Cruise holidays are booming in popularity, with the number of luxury liners on offer growing every year. With this opulent offering comes amenities to match. Not only are many ships now offering several restaurants as part of their inclusive package, some even welcome onboard celebrity chefs to whip up the delicious dining experience for guests. However, it’s a different story for crew on board, who select from a very different type of menu.
Most cruise ships have two or three tiers of staff ranks, depending on the size of the ship and the variety of positions onboard.
“Crew have their mess, and officers have their own mess which gets them guest recipes. They can dine in guest areas and eat guest food directly if they want. I enjoyed these privileges as an art auctioneer.
“Some ships have a middle tier for staff, as well. That food offers a few things to order sometimes, like simple eggs or chicken breasts, but often just means a slighter wider variety of buffet-style options. “You’ll get some teriyaki recipes or something, instead of plain meat. “That’s not the norm, though, as it just adds more work for the chefs and takes up more deck space for separate rooms, staff, etc.”
Usually where the crew member can eat, and what is on offer to them, is based on department-specific rules. These vary depending on the cruise operator.”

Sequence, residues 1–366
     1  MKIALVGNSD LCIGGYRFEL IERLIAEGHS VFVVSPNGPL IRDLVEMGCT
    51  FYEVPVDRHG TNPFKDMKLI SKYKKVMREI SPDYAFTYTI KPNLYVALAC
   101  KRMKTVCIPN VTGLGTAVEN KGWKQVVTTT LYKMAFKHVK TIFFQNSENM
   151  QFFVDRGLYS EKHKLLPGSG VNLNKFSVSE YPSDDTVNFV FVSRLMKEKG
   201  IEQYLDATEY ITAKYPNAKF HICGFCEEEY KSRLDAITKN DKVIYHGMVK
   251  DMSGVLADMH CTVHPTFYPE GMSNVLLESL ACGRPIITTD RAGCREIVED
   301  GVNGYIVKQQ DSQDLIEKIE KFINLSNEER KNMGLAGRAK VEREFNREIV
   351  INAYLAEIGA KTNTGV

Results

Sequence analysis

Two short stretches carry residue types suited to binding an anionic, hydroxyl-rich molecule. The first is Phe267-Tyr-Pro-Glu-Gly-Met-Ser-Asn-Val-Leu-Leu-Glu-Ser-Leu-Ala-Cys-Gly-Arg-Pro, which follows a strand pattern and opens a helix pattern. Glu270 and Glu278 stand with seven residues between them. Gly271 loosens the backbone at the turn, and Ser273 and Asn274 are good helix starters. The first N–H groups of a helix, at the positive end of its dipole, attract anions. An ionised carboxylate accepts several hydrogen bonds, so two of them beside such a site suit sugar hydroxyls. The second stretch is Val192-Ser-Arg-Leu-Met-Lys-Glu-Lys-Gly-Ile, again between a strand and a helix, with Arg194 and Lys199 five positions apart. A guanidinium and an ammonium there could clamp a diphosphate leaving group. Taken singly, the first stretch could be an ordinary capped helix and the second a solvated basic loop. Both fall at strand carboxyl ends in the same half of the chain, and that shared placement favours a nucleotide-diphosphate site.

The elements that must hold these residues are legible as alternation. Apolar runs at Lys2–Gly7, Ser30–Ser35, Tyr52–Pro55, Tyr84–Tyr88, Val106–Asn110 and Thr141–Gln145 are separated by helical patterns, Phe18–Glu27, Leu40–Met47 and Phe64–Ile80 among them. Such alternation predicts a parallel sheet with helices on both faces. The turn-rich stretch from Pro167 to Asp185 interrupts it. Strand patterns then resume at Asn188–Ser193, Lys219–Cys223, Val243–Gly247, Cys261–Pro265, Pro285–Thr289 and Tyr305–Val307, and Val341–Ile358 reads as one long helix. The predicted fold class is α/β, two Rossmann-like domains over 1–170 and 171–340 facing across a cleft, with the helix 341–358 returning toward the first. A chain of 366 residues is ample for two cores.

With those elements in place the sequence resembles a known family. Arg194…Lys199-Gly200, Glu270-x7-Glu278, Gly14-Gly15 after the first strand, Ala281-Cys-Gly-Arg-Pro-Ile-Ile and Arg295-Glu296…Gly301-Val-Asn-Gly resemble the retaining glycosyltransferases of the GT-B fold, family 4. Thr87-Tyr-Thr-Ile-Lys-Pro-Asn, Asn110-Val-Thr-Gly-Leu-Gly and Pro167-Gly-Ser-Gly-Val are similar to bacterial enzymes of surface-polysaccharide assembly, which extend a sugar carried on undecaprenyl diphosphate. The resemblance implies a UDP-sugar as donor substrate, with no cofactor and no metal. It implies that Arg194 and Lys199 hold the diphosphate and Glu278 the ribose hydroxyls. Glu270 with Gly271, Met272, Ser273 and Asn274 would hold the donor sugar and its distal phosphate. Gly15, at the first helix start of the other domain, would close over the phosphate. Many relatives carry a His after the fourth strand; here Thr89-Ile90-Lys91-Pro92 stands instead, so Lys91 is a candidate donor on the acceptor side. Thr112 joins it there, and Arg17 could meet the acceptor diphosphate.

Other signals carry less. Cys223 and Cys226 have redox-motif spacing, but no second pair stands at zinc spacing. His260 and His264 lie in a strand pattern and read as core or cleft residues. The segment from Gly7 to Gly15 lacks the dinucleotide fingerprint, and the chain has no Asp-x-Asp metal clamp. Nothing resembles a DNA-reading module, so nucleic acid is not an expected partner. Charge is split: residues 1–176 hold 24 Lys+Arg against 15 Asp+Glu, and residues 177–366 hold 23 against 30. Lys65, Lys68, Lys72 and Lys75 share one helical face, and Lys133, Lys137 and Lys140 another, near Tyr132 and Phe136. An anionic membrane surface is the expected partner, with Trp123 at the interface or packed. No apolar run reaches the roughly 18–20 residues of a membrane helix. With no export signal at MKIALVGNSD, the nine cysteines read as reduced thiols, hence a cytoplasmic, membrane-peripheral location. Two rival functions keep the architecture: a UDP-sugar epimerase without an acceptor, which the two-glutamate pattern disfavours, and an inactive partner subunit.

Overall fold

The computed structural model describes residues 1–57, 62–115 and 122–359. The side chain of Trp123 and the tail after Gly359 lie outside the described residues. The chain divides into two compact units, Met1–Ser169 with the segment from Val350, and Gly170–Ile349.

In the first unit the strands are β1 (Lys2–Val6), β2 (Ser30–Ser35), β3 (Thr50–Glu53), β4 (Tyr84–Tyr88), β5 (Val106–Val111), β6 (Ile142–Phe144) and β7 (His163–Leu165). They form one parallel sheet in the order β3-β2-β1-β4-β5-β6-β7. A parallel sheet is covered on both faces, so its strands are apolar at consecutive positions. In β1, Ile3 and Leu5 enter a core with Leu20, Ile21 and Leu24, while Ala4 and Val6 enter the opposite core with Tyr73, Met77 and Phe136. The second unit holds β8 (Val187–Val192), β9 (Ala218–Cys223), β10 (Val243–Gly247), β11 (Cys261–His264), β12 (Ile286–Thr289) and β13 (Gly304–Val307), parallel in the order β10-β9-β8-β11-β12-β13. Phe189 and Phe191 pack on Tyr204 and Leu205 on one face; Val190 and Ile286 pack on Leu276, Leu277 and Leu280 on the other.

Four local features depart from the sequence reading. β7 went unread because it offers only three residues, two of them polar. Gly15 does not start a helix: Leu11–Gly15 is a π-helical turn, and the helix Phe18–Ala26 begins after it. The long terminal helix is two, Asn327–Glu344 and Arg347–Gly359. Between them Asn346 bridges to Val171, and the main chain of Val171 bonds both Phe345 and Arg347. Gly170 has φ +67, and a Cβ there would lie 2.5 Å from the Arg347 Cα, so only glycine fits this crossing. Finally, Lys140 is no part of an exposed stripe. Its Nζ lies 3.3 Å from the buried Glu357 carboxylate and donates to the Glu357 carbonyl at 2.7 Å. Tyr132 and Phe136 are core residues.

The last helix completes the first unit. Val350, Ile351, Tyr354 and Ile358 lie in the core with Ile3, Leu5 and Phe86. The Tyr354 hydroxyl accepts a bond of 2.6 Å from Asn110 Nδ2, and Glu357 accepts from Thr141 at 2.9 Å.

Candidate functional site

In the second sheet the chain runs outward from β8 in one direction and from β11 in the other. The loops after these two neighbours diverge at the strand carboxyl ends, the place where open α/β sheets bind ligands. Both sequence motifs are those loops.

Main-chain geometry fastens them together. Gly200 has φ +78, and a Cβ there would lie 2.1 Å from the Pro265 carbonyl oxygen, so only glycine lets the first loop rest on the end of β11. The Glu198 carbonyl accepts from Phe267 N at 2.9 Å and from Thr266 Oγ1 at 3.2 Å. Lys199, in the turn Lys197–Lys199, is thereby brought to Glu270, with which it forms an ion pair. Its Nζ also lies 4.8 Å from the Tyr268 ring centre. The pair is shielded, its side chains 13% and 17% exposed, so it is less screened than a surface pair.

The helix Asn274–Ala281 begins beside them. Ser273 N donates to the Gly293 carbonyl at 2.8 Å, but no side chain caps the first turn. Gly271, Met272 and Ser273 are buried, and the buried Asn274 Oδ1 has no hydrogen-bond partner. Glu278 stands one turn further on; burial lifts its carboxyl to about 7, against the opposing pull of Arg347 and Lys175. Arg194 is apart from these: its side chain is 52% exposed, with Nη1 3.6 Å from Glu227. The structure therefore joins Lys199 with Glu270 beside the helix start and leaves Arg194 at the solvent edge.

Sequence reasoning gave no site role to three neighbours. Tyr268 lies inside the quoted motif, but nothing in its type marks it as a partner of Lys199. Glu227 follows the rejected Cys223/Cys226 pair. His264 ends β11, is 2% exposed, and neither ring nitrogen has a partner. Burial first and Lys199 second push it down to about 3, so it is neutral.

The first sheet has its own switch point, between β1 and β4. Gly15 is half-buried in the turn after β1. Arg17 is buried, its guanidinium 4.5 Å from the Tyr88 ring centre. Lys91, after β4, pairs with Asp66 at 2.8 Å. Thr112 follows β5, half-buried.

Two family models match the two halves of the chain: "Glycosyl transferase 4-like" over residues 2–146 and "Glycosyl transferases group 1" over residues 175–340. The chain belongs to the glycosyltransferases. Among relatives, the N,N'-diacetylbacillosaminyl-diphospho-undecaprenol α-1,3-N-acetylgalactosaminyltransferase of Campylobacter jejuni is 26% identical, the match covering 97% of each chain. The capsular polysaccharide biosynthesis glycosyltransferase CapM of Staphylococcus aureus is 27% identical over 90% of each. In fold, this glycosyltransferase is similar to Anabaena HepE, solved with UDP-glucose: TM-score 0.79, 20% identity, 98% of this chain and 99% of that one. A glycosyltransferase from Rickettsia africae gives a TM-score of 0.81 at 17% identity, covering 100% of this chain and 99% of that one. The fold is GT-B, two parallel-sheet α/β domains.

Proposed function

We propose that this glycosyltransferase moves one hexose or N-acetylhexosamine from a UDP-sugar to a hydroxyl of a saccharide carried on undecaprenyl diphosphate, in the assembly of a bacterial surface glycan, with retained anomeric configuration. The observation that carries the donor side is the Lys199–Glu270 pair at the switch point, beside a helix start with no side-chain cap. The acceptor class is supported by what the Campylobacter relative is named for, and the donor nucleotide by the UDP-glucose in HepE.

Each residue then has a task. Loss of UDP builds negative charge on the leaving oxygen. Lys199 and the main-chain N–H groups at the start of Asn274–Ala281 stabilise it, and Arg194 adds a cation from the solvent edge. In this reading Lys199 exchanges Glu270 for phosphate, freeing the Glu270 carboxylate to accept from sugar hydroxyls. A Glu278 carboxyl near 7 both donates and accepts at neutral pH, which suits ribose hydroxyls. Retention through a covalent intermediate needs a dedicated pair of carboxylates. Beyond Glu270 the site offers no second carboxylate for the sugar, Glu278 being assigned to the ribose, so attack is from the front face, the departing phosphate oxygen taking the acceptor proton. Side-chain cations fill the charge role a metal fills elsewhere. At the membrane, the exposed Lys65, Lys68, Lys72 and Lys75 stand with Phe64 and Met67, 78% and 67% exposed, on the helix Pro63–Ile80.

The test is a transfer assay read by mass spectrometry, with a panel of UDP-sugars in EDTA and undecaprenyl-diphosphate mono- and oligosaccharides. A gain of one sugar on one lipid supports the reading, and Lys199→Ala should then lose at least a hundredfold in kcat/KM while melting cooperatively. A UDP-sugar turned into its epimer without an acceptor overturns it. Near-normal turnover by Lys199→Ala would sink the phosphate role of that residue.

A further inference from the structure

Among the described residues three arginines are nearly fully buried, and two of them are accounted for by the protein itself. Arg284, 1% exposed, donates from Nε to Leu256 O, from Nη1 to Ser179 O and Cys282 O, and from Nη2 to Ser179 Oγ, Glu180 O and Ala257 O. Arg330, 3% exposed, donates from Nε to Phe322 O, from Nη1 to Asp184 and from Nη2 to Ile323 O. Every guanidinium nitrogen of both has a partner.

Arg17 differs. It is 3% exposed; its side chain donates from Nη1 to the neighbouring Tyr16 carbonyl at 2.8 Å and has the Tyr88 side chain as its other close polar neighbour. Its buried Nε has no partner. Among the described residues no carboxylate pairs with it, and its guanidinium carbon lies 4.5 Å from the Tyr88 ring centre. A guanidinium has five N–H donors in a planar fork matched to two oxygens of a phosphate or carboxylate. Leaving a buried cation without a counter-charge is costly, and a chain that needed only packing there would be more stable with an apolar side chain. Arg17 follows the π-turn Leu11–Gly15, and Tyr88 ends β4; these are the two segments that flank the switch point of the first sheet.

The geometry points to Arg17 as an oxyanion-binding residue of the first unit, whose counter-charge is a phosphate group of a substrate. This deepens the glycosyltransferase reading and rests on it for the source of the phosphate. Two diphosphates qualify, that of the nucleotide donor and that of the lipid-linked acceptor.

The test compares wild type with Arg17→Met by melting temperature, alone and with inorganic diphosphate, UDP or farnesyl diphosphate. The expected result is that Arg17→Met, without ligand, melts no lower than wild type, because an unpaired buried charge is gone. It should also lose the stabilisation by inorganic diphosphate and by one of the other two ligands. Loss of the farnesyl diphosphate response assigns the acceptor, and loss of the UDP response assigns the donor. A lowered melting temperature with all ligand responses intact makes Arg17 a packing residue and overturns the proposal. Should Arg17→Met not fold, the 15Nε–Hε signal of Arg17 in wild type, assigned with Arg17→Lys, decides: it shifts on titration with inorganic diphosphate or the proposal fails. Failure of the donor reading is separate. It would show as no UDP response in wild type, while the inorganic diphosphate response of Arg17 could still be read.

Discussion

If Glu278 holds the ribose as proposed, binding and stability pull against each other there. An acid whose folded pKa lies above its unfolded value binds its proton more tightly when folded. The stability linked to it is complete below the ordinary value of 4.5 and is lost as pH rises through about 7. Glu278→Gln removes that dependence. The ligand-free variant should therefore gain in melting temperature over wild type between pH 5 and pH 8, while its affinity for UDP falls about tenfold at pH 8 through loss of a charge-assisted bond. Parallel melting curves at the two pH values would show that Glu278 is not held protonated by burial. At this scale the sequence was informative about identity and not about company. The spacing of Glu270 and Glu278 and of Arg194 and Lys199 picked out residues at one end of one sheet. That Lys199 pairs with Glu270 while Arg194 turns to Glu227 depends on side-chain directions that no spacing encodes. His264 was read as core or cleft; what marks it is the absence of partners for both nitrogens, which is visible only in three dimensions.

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“Chefs and room stewards and able seamen and waiters and bartenders: for them, the crew mess only,” adds Brian.
The limited variety of food on offer to staff means they often have to get creative, combining different foods together to try and excite their palette.
It also means many homesick cruise workers, who Travel from all around the globe to work as part of the ship’s staffing fleet, aren’t able to get a much-longed-for taste of home comfort.
“Access to ‘food from home’ at sea varies dramatically because ‘home’ varies dramatically,” Brian writes in his book.
“Some cruise lines have more Indian dishes, or eastern European, or Caribbean, depending on the make-up of the crew. Happily, cruise lines take food for the crew very seriously. It’s the real deal—unlike, say, the food court at ye olde shopping mall.
“Prior to international corporations, I doubt native Mexicans, Italians, or Chinese would have even recognized such foods as being ‘theirs’—especially after eating it.”
Though Brian does point out that some liners are better than others when it comes to foodservice.
“Different cruise lines have very different crew food, but it’s always a buffet. Carnival, for example, had the best I encountered, which to my surprise included strip steaks. Mostly they offered copious amounts of rice for the Asian crew.”
Luckily, passengers do not have to be concerned about limp lettuce or a ranking system.
In fact, recently P&O Cruises announced a collaboration with Michelin-star chef Marco Pierre-White onboard their 2020 Food Heroes Experiences.
Guests will be welcomed aboard to dine on some of the finest eats from Marco Pierre White, master pâtissier Eric Lanlard and award-winning wine expert Olly Smith.These star-studded food offerings are available on selected 2020 sailings including P&O Cruises Iona, launching May 2020.
Guests will be able to tuck into Marco’s Gala menus in any of Iona’s four main restaurants.They can also sample Eric’s hand-crafted pastries in Vistas Café Bar and take part in Olly’s food and drink experiences including unique shore excursions.Meanwhile, the Britannia liner will offer an exclusive opportunity for Travels to attend Marco’s hosted masterclasses in the Cookery Club, teaching them the secrets behind some of his most loved dishes.